The main symptoms of oxygen deprivation include change in attention, uncoordinated movements, poor judgement, fast heart rate, cough, changes in the color of the skin, complete unresponsiveness, no response of the eye pupils to light and no breathing. Brain cell death occurs less than 5 minutes after the oxygen supply disappears, which may result in severe brain damage and even death.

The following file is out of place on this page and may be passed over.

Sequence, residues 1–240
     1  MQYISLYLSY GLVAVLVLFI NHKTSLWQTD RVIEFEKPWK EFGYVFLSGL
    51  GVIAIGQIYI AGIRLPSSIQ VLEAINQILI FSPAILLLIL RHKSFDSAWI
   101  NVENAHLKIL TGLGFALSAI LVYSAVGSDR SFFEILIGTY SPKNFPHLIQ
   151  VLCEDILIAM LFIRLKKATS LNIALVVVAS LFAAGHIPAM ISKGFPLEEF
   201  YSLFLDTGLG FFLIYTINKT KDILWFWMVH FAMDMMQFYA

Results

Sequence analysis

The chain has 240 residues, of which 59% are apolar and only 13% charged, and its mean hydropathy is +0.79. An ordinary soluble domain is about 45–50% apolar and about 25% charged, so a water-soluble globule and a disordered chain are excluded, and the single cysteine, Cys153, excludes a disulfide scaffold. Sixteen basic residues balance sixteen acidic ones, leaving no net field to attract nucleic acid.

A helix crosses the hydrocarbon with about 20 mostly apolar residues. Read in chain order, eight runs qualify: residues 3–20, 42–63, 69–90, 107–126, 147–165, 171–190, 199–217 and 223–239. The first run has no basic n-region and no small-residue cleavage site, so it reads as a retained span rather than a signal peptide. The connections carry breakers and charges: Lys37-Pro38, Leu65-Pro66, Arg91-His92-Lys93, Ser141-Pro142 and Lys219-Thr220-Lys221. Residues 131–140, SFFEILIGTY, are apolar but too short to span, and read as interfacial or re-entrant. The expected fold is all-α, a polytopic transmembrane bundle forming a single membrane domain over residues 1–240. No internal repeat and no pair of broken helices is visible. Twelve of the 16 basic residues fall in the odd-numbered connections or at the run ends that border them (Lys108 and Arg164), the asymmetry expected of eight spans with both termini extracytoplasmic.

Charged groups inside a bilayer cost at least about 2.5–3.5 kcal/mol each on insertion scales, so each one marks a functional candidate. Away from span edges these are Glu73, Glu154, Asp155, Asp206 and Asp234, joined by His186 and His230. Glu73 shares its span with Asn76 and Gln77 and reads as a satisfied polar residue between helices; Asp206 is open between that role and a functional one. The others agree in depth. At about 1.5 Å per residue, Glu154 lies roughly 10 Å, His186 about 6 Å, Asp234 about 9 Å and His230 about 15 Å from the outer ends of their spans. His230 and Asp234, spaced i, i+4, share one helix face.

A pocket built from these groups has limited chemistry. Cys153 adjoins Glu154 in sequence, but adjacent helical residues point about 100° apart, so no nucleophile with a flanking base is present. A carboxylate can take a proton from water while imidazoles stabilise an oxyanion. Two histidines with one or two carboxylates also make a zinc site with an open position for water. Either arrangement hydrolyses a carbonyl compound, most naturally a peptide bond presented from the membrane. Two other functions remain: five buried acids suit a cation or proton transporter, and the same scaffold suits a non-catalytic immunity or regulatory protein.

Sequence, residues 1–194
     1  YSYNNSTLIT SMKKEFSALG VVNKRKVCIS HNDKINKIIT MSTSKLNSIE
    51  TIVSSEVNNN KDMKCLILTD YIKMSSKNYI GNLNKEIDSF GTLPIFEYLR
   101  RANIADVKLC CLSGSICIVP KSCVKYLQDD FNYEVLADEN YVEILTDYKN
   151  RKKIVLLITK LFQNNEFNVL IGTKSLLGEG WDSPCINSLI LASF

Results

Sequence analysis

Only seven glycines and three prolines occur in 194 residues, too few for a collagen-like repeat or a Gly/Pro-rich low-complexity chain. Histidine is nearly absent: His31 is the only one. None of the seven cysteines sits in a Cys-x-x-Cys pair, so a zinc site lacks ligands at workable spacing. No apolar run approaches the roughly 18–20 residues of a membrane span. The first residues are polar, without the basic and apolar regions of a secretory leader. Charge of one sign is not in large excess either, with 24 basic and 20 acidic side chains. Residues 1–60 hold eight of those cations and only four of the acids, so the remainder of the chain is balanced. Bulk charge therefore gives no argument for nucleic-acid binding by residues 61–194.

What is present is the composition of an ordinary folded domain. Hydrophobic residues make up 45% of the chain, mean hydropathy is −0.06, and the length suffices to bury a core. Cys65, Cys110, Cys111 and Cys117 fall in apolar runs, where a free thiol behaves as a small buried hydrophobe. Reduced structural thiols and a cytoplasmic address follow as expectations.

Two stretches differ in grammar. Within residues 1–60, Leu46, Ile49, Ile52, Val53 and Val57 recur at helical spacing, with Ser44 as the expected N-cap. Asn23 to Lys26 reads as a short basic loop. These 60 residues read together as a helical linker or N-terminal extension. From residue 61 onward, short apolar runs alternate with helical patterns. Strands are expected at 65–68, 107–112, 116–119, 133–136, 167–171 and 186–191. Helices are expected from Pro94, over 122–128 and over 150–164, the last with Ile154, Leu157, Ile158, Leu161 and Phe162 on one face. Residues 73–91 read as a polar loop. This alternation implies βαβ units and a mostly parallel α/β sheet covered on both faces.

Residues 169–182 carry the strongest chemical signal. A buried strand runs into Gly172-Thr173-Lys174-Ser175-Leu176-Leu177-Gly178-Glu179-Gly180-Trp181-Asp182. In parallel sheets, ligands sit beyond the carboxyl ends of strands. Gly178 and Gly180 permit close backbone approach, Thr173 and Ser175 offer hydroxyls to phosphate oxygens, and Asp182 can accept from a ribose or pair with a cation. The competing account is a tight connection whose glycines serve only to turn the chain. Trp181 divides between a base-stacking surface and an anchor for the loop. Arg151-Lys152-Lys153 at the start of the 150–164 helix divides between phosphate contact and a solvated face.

Oxygen deprivation is a condition also known as hypoxia; it occurs when the brain no longer receives enough oxygen. Some of the causes of oxygen deprivation include smoke inhalation, choking, carbon monoxide poisoning, high altitudes, pressure on the trachea and strangulation. Mild cerebral hypoxia has symptoms that are not extremely visible and the brain may continue to function. In case of severe cerebral hypoxia, the brain stops functioning and the person is no longer responsive. Oxygen deprivation is an emergency condition and it needs immediate attention. The cause of hypoxia determines the type of treatment required. This often includes breathing assistance and oxygen, medications to calm seizures and controlling the heart rate and rhythm. Possible complications include the loss of consciousness for various periods of time, which may sometimes lead to a prolonged vegetative state, clots in the veins and lung infections. As hypoxia is usually unexpected, there is little to be done for prevention.